Going home that night was awful. I had a history essay to do, but I just couldn't. I was destroyed. Decimated. My emotional state was on par with a country flattened by an earthquake. I had no idea how to go on. I had no idea how I was going to face everyone the next day. Because these people weren't just in my theatre arts class. They were in all my classes. I couldn't escape them. I was terrified of them. 

But I braved it. Looking back, I don't know how I did it. But I moved on. I never forgave any of them, and I never forgot it, but I moved on. I went to Cuba with these same kids last week, no issue. But sometimes, when I'm feeling down, I can still hear their nasty comments reverberating through my mind. 

3) I had just started real, official, grade 11 IB. I had new english teacher, who I didn't really know that well (who, coincidentally, was also my theatre teacher that semester. And no, event though he had a hand in all three of these stories, I don't hate him! I hugged him last night!). We had to do a creative assignment on Hamlet. I made a magazine. I thought it was great. 

Now, you have to understand, that when I am confident in my work, I'm usually right. I have a 95% average, for heaven's sake. And I have always excelled in creative projects in particular. And english has always been my best class. So I thought I would get at least a 90%, if not higher. I got a 81%. Now, I know, that doesn't sound like much difference, especially to anyone who's been out of school for a while. But to me, it was huge. I had gotten a 96% in my last english course. I wanted to beat that this year. I couldn't do that with an 81%, not on an assignment I liked so much. So, for the first time ever, I challenged the grade.

The result was awful. Another teacher marked it and gave me a 68%, telling me my work was awful. Suggesting that I was having a hard time transitioning to grade 11. She didn't know who I was, what I was capable of. She thought a 68% was pretty good. And, as result, she saw me cry. A lot.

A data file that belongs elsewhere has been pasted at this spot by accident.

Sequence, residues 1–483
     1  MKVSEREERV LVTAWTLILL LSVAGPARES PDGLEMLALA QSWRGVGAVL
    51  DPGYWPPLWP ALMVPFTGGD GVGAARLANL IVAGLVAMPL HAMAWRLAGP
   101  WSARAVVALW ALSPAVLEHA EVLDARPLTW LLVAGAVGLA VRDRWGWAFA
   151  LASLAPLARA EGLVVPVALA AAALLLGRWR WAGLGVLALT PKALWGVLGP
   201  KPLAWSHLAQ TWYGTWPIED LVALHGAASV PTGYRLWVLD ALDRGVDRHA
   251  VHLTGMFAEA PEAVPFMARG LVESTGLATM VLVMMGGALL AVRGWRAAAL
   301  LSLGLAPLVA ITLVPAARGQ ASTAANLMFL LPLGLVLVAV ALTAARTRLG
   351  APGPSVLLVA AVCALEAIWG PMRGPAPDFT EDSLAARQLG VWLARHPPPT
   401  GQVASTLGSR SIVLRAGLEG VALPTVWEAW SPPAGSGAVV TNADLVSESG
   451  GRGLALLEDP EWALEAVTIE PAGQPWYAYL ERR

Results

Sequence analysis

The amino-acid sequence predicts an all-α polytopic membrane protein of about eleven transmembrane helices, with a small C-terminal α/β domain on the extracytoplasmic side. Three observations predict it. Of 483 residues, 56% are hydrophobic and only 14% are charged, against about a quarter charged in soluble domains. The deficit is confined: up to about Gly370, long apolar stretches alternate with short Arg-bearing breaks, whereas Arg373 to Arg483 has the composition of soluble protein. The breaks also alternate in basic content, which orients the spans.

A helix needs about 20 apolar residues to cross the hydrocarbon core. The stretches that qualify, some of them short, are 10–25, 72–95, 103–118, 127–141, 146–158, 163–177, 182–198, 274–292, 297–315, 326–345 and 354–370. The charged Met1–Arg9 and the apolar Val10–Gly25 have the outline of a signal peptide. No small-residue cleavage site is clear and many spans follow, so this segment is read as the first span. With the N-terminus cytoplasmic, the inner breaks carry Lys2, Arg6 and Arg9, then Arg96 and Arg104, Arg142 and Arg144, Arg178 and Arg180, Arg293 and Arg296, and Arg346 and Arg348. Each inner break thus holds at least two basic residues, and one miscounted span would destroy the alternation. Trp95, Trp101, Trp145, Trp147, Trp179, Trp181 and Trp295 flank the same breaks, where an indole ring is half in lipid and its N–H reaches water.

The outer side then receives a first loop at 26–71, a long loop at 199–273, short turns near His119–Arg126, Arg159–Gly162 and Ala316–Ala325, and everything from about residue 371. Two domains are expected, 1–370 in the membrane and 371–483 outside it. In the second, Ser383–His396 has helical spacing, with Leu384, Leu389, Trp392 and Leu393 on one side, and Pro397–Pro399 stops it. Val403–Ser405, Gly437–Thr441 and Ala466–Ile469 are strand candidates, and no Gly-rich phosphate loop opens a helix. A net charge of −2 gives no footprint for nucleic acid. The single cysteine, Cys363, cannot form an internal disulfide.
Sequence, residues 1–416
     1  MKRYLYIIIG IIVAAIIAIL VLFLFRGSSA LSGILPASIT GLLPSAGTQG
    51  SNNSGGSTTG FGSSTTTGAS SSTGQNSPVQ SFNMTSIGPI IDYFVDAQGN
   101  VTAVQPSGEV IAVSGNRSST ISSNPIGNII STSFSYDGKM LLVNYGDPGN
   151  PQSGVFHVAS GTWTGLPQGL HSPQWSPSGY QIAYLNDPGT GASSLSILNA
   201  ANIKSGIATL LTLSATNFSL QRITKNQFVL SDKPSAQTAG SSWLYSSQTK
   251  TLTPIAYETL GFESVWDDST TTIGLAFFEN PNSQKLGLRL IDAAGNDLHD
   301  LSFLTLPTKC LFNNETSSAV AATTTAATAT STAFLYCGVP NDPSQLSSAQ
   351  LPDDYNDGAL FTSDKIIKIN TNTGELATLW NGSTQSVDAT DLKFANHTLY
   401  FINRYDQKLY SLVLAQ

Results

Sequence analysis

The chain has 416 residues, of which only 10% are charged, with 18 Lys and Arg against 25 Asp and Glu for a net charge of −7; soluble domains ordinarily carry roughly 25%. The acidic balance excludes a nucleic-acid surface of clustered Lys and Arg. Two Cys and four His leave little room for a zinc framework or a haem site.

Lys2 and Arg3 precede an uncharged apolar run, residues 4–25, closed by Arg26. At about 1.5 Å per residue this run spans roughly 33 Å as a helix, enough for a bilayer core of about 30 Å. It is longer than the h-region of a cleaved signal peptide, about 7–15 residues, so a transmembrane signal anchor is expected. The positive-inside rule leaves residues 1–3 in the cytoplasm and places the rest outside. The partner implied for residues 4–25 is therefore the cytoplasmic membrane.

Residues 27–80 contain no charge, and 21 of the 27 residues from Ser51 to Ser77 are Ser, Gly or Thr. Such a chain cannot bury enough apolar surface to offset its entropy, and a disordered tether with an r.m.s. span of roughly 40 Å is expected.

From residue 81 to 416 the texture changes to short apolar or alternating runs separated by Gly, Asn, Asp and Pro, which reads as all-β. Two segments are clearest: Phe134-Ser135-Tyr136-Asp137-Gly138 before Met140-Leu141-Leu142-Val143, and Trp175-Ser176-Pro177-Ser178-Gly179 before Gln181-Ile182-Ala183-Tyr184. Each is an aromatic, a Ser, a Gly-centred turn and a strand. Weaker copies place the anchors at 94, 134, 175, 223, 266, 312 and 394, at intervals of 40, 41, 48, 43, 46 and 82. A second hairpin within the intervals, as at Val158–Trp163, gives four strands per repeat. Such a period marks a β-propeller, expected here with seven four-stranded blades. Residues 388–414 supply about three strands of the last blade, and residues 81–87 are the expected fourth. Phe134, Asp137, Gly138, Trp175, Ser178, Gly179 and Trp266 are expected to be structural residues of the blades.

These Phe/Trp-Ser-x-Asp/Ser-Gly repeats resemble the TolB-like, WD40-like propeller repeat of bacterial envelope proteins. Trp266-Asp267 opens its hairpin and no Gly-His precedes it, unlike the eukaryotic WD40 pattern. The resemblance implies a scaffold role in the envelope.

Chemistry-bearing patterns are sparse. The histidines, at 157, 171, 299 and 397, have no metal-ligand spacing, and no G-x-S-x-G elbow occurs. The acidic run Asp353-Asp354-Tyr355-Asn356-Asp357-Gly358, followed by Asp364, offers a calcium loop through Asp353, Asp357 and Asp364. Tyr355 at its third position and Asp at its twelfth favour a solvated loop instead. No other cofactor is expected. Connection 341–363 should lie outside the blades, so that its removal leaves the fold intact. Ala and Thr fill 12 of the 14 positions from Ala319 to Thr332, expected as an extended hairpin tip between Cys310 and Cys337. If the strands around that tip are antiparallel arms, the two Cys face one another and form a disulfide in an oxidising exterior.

That day was humiliating. But I learned from it. Looking back, my assignment wasn't that good. And I could have recovered from the 81%. I did! I ended the semester with a 90% in that class. And I got a 97% in english this year, so it's all good. But, back then, I thought it was the beginning of the end. I didn't know things would get better. 

Now, I have some good memories for you. High school wasn't all bad! (in fact, all of those bad memories occurred within six months! I had 3 and a half years without anything that bad!)

1) The day my best friend first called me her best friend. We had been close for three years. In my head, I considered her my best friend. But I didn't dare say it allowed. 

Then, in may, we were studying for exams together--well, studying some, talking a lot. And the topic of friends came up. And she called me her best friend. I had waited for that, wanted that for so long. It felt so good. Official. The world as I saw it in my head was finally becoming the world everyone else saw too. 

That's it. Short and sweet. But I'll never forget it. 

I have other good memories. Those aren't all my stories. But they're most of my defining ones. I'm sorry they're so long. I know, most people have probably quit reading by this point. Not a lot of people started reading in the first place. Thanks if you're still with me. Thanks for letting me share these pieces of me with you. 


  1. Great post. It got me thinking back to my days in high school. I never really read YA books or watched teen movies while I was in high school. Strange, right? But I was too busy with figure skating and studying and reading for school (I was a wee bit of bookworm). I did not watch or read 'teen' stuff until university. And then I was like, what?!?! These are not accurate representations of what my high school experiences were like!! It was, like you wrote, a lot of the same, day in and out. The more dramatic events were very few and far between!

  2. Wow, that is strange. Now that you're into teen stuff, what do you think are the most realistic books/movies/tv shows?

    You were into figure skating? My best friend growing up is a serious pairs skater.

    And no, high school is not exciting or dramatic. It is lame.

  3. It's been a long time since I have been a teenager. I do want to mention one thing. You're a very talented writer. I have read a few of your posts and your writing is vibrant and alive